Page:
THE heated debate over backpackers driving has escalated with politicians, backpackers and Childers accommodation providers weighing in.
On Thursday, Gregory MP Vaughan Johnson delivered two attacks on foreign and city drivers in 24 hours - particularly singling out Asian drivers - and was forced to apologise for his comments.
He issued a statement about his comments after Premier Campbell Newman told media he had "been spoken to".
He had earlier spoken on 4BC radio about how Asian people had no comprehension of the road rules and foreign drivers should be forced to have training before being let loose on Queensland roads.
In Monday's NewsMail Childers farmer Tony Russo called for a law change to make it mandatory for international backpackers to sit a driving test before driving on Queensland roads.
Mr Russo's call came two days after two Hervey Bay men were killed in a head-on collision involving two Asian backpackers.
French backpacker Remi Moreau has been in Australia for nine months and said he would not mind sitting a driving test prior to driving on Australian roads.
"Before I came here I went online and read about the road rules in Australia," he said.
"There are law differences but in my experience you get used to it pretty quickly.
"I think you have bad Australian drivers and bad French drivers."
Sugarbowl Caravan Park and Tourist Centre lessee Rod Worth said the majority of backpackers he'd met had been fine drivers.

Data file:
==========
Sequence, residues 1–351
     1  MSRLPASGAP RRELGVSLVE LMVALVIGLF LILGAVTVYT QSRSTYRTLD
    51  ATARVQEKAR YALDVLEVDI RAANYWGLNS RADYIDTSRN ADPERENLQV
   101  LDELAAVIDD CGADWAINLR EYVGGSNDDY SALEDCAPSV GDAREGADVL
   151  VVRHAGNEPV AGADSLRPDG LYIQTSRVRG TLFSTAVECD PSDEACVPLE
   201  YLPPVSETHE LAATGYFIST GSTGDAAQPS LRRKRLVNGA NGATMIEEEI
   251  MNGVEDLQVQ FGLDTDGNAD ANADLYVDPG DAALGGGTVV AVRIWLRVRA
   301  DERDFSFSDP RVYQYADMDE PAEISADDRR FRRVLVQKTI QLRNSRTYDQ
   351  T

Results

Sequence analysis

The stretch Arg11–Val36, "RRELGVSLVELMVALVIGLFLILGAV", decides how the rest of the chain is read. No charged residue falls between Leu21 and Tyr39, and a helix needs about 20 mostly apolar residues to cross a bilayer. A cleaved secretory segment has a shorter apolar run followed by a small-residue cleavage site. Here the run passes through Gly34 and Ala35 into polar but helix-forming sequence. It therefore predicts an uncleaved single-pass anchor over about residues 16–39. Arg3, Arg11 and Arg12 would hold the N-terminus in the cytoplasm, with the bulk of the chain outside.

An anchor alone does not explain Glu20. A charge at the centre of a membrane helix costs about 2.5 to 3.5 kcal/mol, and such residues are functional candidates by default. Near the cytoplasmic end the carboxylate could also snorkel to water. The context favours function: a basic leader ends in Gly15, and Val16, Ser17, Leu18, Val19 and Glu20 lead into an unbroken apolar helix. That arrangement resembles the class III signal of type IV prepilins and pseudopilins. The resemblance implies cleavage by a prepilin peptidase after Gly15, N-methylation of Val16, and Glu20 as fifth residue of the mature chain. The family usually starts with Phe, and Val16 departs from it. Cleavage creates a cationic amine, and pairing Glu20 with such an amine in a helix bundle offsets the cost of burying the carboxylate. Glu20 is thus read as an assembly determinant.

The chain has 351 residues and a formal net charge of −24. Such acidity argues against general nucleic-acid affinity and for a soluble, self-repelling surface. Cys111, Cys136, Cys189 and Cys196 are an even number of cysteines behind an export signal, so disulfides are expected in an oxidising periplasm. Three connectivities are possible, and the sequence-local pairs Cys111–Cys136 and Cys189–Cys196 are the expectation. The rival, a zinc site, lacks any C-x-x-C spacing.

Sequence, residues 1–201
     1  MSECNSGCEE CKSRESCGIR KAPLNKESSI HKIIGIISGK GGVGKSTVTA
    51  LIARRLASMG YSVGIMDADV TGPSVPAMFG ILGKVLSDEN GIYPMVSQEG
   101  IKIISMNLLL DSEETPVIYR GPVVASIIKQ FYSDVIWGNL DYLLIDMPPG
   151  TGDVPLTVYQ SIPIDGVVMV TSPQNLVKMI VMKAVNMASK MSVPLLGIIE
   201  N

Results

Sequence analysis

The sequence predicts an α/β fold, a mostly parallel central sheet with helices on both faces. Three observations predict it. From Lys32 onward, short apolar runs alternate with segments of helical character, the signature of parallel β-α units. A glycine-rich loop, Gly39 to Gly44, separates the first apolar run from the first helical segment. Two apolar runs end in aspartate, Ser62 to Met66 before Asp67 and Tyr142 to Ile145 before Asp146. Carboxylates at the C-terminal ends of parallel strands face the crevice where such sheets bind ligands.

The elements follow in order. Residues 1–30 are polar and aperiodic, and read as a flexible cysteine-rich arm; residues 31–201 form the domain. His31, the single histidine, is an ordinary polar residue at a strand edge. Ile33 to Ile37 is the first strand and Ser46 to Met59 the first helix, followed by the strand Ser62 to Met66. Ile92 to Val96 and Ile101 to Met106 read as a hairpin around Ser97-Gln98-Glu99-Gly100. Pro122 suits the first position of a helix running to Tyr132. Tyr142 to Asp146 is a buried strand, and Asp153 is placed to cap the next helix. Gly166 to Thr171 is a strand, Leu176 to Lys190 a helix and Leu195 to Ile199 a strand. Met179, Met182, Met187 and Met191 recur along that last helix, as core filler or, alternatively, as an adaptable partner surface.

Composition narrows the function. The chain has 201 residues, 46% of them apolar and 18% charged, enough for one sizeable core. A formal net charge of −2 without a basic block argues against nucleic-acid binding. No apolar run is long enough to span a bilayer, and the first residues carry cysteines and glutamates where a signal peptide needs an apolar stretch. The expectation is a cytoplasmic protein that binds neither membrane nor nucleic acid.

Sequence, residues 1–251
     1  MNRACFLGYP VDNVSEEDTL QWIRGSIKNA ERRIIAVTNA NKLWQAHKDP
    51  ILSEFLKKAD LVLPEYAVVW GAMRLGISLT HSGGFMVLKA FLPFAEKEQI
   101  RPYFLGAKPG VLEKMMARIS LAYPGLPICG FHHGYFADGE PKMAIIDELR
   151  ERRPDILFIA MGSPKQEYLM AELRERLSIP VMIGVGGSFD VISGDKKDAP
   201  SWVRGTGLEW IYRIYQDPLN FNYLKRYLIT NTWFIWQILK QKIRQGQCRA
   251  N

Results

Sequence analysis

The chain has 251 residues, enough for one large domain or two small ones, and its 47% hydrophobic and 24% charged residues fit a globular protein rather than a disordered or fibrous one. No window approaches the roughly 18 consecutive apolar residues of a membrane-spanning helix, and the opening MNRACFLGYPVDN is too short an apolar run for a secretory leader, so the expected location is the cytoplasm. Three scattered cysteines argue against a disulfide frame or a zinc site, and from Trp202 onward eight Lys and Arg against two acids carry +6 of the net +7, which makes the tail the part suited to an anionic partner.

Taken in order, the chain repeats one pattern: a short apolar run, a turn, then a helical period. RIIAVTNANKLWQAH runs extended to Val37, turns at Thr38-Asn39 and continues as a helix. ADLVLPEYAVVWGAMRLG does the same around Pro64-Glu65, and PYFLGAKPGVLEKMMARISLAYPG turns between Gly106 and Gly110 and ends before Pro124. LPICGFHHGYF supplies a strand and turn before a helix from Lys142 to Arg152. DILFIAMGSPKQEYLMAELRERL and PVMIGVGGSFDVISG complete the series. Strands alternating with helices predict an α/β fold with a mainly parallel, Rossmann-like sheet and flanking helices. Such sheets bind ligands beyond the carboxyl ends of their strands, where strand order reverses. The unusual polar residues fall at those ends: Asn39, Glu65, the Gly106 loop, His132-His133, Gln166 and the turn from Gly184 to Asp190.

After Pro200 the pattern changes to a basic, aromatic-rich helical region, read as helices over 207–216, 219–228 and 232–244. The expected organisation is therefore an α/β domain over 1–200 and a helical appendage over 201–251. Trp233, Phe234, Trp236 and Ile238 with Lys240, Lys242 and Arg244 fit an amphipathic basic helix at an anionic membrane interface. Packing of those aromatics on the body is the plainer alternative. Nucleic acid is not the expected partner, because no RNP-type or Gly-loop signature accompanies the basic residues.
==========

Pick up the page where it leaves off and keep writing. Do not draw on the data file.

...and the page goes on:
"I don't think we can label all backpackers as bad drivers. It is far too much of a generalisation," he said.
"Maybe among them there are some bad apples but you get that in every walk of life.
"I have seen no evidence that they are any worse than any other drivers that we have around the area."
Childers Ecolodge owner Vanessa Kummerow suggested car rental companies could run through the road rules with foreigners that rented a car through them.
"Maybe that could be a positive initiative without going to the regulation stage," she said.
Police Minister Jack Dempsey said all drivers needed to take more care to reduce the number of traffic crashes and tragedies on our roads.
"I ask everyone whether they are a local resident or a tourist to slow down and drive to the conditions," he said.
"We have dedicated police who are patrolling Bundaberg's roads to enforce road rules, and if you break them, they will catch you."
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